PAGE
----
The State of Web Performance in Higher Education

Some in this community might say I’m a bit of a web performance curmudgeon. Five of my six HighEdWeb presentations have in some way had a focus on performance. And to be honest, at the rate we’re going, next year is going to be as well.

Let’s take a walk down memory lane

In 2012 I noted that the average industry web page was 1042 KB. Of the 34 higher ed homepages that were using Responsive Web Design (RWD), the average was 1.4 MB on mobile. So we were easily above average. But that was still the early days of RWD. It was easily one of the biggest topics for the 2012 conference. In fact, there were ten presentations that year that mentioned RWD in either the title or description. So maybe we were still figuring it out. Maybe we’d get better.

Maybe I’m wrong.

The not so happy truth

The number of higher ed homepages I track for performance purposes has grown quite a bit since 2012. The current count is 1,770, and not all are responsive. I’ve run every one of them through WebPageTest to try and get a handle on how we’re doing today.

First, let’s look at the industry as a whole. According to the HTTPArchive, the desktop median size (based on over 4 million urls) is 1.95 MB, and the mobile median is 1.75 MB. Certainly a climb from 2012. But higher ed is doing much worse.

 

Render Start  Visually Complete Load TIme Speed Index Requests Download Size
Desktop 1.9s 7.7s 8.5s     4,107 96 4.3 MB
Mobile 7.4s 21s 26s 12,449 86 3.9 MB

All stats are the median score
Mobile stats measured using iPhone 8, 3G connection

I’d like to pause for a moment to address the fact that the median load time for mobile is twenty-six seconds. Stop reading, open your phone, load a browser window, and count to 26. Go ahead, I’ll wait.



Welcome back. Now imagine how you’d feel waiting that long just to view the homepage of a college or university you’re interested in attending. Because while we tend to test our sites on top-of-the-line mobile devices and screaming fast university wifi networks, the fact is, many of our potential students don’t have that luxury.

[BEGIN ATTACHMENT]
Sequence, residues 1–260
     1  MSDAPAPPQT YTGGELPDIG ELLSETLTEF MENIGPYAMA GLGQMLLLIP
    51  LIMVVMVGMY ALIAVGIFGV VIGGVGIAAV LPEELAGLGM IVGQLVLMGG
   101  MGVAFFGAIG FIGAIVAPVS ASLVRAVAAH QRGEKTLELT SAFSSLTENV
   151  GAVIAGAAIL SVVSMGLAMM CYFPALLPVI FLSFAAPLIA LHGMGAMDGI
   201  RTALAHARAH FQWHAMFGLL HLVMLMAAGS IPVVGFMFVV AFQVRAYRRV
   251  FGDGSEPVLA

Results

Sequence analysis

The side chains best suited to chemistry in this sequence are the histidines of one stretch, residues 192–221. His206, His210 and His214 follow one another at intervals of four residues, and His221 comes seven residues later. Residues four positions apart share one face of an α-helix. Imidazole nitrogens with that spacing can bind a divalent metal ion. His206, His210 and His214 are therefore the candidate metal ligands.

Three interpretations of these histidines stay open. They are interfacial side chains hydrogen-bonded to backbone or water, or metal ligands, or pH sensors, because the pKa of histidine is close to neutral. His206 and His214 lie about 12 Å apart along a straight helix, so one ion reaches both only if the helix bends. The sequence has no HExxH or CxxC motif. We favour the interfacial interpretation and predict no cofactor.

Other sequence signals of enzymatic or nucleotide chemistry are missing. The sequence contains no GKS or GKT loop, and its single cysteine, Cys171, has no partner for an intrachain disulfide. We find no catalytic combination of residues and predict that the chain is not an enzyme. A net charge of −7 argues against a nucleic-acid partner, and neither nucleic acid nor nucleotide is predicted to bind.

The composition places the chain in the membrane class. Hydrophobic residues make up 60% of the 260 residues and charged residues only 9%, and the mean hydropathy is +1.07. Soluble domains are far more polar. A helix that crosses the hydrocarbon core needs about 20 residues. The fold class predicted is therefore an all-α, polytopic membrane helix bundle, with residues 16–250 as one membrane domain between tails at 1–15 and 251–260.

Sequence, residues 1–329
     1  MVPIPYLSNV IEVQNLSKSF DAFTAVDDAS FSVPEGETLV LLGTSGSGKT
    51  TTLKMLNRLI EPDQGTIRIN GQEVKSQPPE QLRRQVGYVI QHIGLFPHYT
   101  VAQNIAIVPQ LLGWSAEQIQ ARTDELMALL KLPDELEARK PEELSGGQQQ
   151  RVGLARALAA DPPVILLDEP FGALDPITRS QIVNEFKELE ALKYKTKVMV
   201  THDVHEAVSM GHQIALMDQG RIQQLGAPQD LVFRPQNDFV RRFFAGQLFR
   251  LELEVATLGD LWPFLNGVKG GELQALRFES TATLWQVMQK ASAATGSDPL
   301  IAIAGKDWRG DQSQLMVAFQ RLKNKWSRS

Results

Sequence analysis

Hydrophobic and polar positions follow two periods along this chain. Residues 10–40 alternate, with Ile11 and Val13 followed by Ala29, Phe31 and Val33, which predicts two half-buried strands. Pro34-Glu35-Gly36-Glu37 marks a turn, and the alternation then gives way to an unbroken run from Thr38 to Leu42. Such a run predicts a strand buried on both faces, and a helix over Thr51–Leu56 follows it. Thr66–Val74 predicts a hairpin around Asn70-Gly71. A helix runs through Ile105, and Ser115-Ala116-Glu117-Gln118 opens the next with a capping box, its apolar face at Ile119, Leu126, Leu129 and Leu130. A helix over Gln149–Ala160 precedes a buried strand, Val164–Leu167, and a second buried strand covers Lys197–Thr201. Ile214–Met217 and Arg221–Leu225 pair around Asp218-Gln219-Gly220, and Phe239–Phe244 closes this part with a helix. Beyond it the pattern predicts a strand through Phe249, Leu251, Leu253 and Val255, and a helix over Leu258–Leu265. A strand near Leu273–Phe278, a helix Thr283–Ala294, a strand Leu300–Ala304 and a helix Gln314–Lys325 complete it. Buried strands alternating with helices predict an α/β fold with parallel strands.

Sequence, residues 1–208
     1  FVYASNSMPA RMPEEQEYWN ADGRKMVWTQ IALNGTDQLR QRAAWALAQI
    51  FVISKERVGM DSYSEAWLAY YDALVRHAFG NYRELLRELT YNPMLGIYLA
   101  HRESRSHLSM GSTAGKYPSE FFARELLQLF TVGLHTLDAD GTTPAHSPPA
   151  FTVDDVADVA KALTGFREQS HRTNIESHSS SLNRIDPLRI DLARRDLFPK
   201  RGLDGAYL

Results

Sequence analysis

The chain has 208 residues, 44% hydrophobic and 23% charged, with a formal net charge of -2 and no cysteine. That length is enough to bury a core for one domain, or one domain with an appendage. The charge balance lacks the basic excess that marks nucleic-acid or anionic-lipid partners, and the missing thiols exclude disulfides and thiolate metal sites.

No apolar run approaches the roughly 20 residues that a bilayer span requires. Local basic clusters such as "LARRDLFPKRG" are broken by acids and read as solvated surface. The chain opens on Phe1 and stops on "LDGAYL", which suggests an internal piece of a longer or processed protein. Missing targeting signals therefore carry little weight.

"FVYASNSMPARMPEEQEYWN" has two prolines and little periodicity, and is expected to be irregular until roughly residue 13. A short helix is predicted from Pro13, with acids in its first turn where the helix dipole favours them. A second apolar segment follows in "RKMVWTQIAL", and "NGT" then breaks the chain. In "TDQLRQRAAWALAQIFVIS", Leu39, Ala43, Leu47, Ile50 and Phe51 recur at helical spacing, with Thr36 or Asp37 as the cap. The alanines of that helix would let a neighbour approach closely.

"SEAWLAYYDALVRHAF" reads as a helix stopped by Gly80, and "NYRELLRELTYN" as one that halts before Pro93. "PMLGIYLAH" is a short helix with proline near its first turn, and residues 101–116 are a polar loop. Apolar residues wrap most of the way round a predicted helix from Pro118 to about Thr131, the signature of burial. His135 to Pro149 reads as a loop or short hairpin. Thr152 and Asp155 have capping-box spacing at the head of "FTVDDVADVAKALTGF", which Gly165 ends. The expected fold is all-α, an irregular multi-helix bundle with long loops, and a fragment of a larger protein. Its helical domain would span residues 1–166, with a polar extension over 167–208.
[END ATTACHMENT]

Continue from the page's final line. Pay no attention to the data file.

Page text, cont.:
For instance, my 16-year-old son is right about the grade and age of many of our target demographics, and he’s rocking an iPhone 6 (released September 2014) and it will likely remain his phone for a couple years. And even his device would be considered more capable than many average Android devices these days.

So what do we do about it?

It’s difficult to make blanket recommendations about how to fix slow websites. After all, every site is unique. Well… unless you have a hero video. And if you do, step one is to remove the hero video. Congratulations, you’ve probably just fixed your most egregious performance issue. After that, you need to task your developers with tracking down and fixing the low-hanging fruit such as uncompressed/incorrectly sized images, and unnecessary javascript. This can be done with a variety of free tools available on the market and in browsers, such as Lighthouse and WebPageTest. And once your performance issues have been addressed, either set up monitoring, or set a calendar reminder to run tests, or use automated testing. The important thing is that you do it on a regular schedule. And if you’re curious where your site ranks in the list of 1,770, contact me from your university email account and I’d be happy to share.

We need to remember who our homepage is for. It’s not for our internal audience or our marketing team. While we have access to top-of-the-line devices and high-speed connections, not all of our users do. Dial-up and sub-3G connections are still common in America. So if the fancy on our homepage is going to cause a less than adequate experience for visitors on low to mid-range mobile devices, then fancy’s gotta go. Focus on the content. Wow them with a clear and concise user experience. Get them to the information they need quickly.

Let’s be honest. Your visitors may not consciously notice that your site is fast and easy to use… but they will certainly notice if it is not.